Her Excellency Lyonpo Dechen Wangmo- the Health Minister of Bhutan, discussed some innovative approaches that Bhutan adopted to deal with the crisis of the Covid-19 pandemic. She gave rare insights on the management of the pandemic and touched upon issues such as digital tracking, global collaboration, tourism and surveillance. Health has been a major concern for everybody in 2020, and many health departments are coming under the scrutiny of the public now.
The King of Bhutan has been at the helm of affairs when it comes to the nation’s approach towards the pandemic. His unconditional love and care for every Bhutanese was reflected in his words during the National Address on 22nd March, 2020 when he told the Bhutanese people that they must exhibit the strength that comes out of their smallness, remain united and support each other. He assured that the government would take responsibility for alleviating any suffering caused to the people by the virus during such exceptional circumstances.
Bhutan adopted the 3 T (Trace, Test and Treat) strategy for combating the pandemic since the very initial days, and rigorously embedded it in its response. All the available national channels and resources were mobilised to ensure the availability of adequate resources such as testing kits, PPE, manpower etc.to effectively implement the 3 Ts.
Trace: Everyone who came from overseas and within primary contact of the positive cases was put under the facility quarantine designated by the ministry of health for 14 days beginning 14th March 2020 and then for 21 days beginning 31st March, 2020. To ensure adherence and comfort, the government fully covered costs such as room and meals. All the designated quarantine facilities are star-rated tourist hotels with amenities that include free internet services. Strong and efficient border control systems were also put in place to reduce the risk of cross-border transmission of the virus. Starting from 23rd March, all international borders of Bhutan were sealed.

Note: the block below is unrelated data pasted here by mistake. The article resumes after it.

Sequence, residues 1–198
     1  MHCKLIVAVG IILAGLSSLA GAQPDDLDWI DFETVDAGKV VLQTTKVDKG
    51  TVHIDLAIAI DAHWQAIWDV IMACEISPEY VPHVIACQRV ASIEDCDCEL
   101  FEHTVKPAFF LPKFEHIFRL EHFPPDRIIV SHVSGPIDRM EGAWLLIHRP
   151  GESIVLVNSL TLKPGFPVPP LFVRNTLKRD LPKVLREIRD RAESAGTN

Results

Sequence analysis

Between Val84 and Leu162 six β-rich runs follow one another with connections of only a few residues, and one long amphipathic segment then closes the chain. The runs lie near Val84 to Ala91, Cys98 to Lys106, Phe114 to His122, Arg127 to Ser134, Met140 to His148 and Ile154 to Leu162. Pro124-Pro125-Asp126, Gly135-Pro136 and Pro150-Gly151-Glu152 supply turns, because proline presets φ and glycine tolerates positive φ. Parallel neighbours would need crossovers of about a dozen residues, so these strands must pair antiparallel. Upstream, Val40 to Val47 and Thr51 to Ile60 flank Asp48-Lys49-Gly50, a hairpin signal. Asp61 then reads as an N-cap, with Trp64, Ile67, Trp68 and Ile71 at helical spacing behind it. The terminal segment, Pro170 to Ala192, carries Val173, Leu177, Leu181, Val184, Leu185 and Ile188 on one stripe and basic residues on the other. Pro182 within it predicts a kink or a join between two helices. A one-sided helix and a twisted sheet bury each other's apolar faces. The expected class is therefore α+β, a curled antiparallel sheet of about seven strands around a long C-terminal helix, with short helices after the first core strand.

Test: Bhutan had adopted an aggressive testing protocol, early on. All individuals who enter Bhutan are tested on arrival and then prior to release from the 21-day quarantine. Every patient who visits the health facilities with flu symptoms is tested for COVID. All frontline workers mending Bhutanese borders and health-workers are being routinely tested every month.
Treat: Every positive case is managed in the hospital where baseline vitals and x-rays are taken.
One of the key interventions in combating the pandemic for Bhutan, has been surveillance. Bhutan began institutionalized Covid-19 surveillance systems at all the POEs beginning January 2020 which was two months before the detection of first cases in the country. The institutionalized surveillance teams operated at both Central and District levels and thoroughly engaged in tracing the primary and secondary contacts of the positive cases and following them up with the 3T strategies. Furthermore, whenever positive cases were reported, extensive surveillance actions were carried out for the high-risk communities to ensure that everybody is traced, tested and treated accordingly.